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Gas is cheap in Saudi Arabia

Yet, another reason for oil prices to artificially high. I truly don’t believe that anyone has a good handle on gas prices. There aren’t enough refineries in the US some say. Why not? Because, in my humble opinion, there is no downside for oil companies to choke of gas supplies and allow the price to rise. If they make too much gas then gas prices fall. Therefore, no new refineries. By choking off supply at the refinery level the oil companies build a cushion or a supply of crude just in case something happens. Hugo Chavez goes nuts or a Russian pipeline blows.



In Saudi Arabia gasoline costs about 45 cents a gallon. In Iran it’s 33 cents. Venezuelans pay less than a quarter.

These absurdly low prices are a direct result of massive government subsidies.

While these numbers are not adjusted for cost of living, it’s fair to say that drivers in those countries are getting a good deal.

But it’s straining government budgets. More importantly, it’s not allowing the free market to do its job. Higher prices on the open market are not leading to a drop in demand, which is keeping the cost of oil high for everyone else.

“Roughly two-thirds of new oil demand is coming from countries that have subsidized oil markets,” said Christopher Ruppel, a senior geopolitical analyst with the consulting firm John S. Herold. “So demand is not going to be affected if oil goes from $60 a barrel to $80.” (more…)

By |2007-05-07T20:08:53-04:00May 7th, 2007|Big Oil|Comments Off on Gas is cheap in Saudi Arabia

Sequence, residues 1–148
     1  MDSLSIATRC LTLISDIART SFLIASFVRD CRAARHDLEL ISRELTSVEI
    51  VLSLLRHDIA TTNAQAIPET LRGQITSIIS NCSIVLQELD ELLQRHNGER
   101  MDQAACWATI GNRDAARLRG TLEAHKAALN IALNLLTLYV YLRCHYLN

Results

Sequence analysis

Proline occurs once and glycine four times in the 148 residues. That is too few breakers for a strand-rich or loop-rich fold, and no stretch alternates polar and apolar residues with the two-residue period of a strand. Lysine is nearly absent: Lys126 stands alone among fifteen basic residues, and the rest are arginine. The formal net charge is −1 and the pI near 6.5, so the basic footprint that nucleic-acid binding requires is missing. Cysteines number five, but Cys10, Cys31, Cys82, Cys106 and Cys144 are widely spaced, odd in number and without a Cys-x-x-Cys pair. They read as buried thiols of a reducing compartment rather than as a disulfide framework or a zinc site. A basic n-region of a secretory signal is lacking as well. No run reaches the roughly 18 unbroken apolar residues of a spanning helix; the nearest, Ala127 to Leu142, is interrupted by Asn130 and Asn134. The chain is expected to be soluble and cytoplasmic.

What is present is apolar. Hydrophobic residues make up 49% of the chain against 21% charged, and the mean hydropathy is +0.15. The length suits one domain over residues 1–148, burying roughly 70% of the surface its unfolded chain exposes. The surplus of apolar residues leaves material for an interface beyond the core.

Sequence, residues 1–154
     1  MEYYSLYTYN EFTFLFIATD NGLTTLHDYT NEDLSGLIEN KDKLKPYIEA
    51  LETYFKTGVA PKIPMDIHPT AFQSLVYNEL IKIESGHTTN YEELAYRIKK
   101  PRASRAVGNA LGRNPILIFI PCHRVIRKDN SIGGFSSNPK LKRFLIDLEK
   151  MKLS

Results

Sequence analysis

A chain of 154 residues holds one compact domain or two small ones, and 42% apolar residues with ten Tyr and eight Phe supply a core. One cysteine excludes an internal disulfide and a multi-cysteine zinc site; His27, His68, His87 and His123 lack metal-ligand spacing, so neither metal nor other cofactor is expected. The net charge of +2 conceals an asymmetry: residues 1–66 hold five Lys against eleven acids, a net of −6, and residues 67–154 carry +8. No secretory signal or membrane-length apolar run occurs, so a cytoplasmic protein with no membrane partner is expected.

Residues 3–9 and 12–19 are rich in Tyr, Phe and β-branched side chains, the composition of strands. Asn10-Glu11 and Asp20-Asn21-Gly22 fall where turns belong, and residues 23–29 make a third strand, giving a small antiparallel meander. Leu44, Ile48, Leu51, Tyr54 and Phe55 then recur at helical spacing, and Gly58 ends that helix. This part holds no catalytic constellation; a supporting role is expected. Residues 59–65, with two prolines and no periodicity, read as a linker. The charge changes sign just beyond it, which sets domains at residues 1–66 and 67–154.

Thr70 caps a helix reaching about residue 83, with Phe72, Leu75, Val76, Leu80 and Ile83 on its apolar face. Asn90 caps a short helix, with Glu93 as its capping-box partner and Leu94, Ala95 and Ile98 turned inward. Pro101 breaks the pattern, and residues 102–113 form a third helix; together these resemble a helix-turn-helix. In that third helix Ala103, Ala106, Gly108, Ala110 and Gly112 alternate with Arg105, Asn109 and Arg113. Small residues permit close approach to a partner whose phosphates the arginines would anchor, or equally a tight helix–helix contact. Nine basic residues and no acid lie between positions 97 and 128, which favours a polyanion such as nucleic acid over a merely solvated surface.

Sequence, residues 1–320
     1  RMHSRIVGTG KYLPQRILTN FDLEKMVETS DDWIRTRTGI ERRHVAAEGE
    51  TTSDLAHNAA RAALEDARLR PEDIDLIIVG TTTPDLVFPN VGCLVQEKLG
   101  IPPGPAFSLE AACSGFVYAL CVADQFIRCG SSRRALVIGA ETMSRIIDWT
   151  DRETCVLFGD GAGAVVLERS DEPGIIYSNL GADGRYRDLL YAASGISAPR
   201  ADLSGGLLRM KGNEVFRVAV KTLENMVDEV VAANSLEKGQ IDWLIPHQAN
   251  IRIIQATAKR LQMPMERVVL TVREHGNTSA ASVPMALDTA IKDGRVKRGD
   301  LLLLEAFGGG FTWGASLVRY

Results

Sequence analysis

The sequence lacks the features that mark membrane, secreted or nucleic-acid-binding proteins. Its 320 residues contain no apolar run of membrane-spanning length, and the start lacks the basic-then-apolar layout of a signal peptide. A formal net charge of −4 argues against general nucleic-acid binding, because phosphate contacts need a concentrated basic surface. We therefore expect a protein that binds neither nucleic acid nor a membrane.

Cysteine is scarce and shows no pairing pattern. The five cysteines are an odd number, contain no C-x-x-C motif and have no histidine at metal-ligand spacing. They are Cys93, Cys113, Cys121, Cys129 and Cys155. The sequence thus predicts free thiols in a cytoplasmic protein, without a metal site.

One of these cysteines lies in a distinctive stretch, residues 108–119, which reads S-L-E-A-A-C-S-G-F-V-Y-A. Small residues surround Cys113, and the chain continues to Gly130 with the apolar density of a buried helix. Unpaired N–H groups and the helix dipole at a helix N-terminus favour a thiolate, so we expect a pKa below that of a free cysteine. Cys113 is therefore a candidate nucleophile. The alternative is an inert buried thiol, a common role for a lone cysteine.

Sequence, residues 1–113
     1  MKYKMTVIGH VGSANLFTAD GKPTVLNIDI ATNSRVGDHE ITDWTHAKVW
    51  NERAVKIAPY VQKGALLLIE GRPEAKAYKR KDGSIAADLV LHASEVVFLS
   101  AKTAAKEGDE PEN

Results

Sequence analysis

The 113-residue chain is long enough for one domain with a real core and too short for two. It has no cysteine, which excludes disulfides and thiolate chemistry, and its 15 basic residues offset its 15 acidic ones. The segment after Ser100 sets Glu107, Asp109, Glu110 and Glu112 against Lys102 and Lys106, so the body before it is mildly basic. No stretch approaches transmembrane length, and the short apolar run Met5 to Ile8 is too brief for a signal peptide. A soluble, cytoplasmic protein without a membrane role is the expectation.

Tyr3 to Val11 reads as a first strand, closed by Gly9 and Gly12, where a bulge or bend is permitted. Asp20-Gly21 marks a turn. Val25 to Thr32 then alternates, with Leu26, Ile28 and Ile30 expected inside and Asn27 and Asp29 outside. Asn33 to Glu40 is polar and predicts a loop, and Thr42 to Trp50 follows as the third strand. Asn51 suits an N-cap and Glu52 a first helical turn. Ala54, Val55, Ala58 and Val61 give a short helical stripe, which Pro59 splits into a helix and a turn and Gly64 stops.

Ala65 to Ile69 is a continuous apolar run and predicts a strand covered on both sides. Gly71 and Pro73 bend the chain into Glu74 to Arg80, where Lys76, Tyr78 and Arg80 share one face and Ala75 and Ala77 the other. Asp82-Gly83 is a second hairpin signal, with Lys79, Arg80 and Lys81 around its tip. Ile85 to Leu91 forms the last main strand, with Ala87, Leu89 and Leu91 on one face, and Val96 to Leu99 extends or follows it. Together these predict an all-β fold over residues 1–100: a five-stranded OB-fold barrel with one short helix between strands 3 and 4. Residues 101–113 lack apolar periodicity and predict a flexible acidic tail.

Cheney in Saudia Arabia

Why won’t our President be Presidential?  Doesn’t he need to take charge?  Don’t send Cheney.  Do something yourself!  His Presidency is being blown up in Baghdad.  Shouldn’t he do something?


Vice President Dick Cheney is on his way back to Washington after a daylong whirlwind meeting with Saudi Arabian King Abdullah.

Cheney and King Abdullah met Saturday for several hours on issues key to both nations — including the latest developments in Iraq, Iran’s growing influence in the region, the status of Hamas in Gaza, Syria’s diplomatic status, and Syria’s influence in Lebanon’s government, a Saudi adviser told CNN.

Saudi Arabia believes Iran is using its influence in Syria to help rearm Hezbollah in Lebanon and is undermining Lebanon’s already fragile Western-backed government, said the adviser.

The brevity of Cheney’s visit underlies the growing sense of urgency after a series of events highlighting an increasingly unstable Middle East. more

By |2006-11-25T19:09:20-04:00November 25th, 2006|Foreign Affairs, Iraq|Comments Off on Cheney in Saudia Arabia
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